More than an hour later in the film, back in the refreshment room, we see the parting that occasioned this reverie. Here Laura and Alec discuss their imminent separation, weighed down by thoughts of time: the expected arrival of Alec’s train, the futures of their children, and the impossibility of seeing one another again. They speak of death and remembrance: 

Laura (without emotion): I want to die – if only I could die. 

Alec: If you died you’d forget me – I want to be remembered.

Laura: Yes, I know – I do too. 

Again the music rocks back and forth and moves toward repose. Alec glances at the clock and observes, “We’ve still got a few minutes.” But he is wrong. Just then Laura’s acquaintance Dolly barges in, exclaiming, “Laura! What a lovely surprise!” Like the train noises elsewhere in the film, Dolly interrupts and even drowns out the tender music, just as she intrudes on the lovers’ final moments together. The music is denied its completion, and so are Alec and Laura. That is, two completions: not only does their relationship have to die; even this tender act of separation is interrupted and thwarted.

Fragments and Repetitions

Brief Encounter emphasizes the rigidity of time: there are near-constant bells, boarding announcements, and sounds of trains approaching and departing. The express train rushes by; it doesn’t stop. “Time, tide, and train wait for no man,” one might say. The train whistle is a notice, a caution, even a scream. Yet the events are presented out of order. The beginning and end of the film take place in the present, and the past is presented in flashback inside this framing device. This is why we witness Laura’s misery before we see the farewell that precipitated it. More, the scene of parting appears twice in the film: here, near the start, and again toward the end. Twice we see the lovers dolefully preparing to say goodbye, and twice we hear Dolly’s abrupt cry of “Laura!”  Only at the end do we back up and hear what Alec and Laura say to one another before she intrudes.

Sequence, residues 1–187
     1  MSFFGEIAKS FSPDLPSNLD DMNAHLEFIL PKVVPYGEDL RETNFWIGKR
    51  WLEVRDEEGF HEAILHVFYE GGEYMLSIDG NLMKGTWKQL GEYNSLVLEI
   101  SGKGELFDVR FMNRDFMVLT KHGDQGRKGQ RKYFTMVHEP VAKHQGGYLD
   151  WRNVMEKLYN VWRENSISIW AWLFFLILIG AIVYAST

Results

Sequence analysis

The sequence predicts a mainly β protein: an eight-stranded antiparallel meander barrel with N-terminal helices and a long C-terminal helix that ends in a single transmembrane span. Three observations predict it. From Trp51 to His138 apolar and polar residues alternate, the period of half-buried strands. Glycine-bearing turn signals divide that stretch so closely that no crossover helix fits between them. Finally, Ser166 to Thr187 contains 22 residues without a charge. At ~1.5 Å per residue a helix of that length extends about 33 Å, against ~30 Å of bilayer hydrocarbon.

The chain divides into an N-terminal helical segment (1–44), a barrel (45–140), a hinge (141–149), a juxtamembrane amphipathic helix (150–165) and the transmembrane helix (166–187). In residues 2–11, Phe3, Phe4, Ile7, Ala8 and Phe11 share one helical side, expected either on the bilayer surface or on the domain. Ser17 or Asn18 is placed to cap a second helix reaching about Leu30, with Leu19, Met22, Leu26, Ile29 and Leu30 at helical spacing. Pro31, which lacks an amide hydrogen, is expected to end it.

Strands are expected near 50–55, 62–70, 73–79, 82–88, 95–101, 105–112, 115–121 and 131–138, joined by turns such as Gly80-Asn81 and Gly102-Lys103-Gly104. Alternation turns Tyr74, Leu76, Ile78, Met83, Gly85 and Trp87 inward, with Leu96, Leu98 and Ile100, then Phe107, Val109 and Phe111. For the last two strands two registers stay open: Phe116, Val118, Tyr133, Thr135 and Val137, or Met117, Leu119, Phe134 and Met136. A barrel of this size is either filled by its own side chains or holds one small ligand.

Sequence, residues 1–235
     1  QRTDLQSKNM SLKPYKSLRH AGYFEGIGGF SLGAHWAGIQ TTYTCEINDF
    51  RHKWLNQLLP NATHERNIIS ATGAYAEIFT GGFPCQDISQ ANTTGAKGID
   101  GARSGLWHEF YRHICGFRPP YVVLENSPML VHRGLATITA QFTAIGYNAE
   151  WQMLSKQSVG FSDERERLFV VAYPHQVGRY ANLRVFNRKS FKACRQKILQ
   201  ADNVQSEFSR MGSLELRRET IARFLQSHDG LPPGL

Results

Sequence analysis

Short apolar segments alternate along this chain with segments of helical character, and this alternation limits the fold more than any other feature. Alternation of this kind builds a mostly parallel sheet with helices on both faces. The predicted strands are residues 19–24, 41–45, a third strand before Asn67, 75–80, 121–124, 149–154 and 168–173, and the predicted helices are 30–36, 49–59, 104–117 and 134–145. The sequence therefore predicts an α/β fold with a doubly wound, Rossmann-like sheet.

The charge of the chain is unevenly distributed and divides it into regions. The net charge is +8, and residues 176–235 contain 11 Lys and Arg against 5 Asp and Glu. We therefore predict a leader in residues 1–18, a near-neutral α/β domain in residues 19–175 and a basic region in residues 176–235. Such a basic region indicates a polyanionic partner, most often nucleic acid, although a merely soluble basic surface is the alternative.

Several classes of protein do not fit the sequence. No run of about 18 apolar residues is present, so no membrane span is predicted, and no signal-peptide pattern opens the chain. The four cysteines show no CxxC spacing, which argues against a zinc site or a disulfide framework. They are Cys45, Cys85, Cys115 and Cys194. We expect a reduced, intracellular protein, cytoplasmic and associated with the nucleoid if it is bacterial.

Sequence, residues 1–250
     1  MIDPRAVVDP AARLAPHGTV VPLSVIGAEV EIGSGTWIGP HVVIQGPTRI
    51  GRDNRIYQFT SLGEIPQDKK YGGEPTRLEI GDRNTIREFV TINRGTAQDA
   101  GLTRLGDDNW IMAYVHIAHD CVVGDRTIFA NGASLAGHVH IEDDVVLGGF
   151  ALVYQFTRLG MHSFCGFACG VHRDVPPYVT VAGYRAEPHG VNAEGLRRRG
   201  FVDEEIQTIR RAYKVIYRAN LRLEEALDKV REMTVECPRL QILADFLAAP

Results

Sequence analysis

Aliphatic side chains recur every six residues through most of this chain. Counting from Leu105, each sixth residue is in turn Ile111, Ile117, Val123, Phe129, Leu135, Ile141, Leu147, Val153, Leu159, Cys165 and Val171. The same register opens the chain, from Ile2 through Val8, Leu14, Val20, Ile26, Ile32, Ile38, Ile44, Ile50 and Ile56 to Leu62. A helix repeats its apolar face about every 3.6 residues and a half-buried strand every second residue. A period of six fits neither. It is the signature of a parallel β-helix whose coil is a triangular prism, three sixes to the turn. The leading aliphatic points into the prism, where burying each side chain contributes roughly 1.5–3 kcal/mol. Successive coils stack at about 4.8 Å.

Within the narrative itself, time moves forward as inexorably as an express train or the growth of a child, but the reordering of events and the repetition of the farewell scene create a non-linear and dreamlike presentation. Images, too, multiply and proliferate. A fantasy plays on a train window and a dissolve overlays two Lauras on screen; in each case, Laura observes herself as if in a movie. Laura’s interior narration, delivered in voiceover, is addressed to her husband, and she often utters his name, “Fred.” One hears and sees the juxtaposition of her feelings for the two men as she sits in the library with Fred and tells him the story of Alec—silently, within her mind. There is a sense of swimming in memories, shaped by Laura, as opposed to living the events alongside the characters.

Fred with his crossword puzzle in the library, Laura in foreground; across the room, Laura broods silently.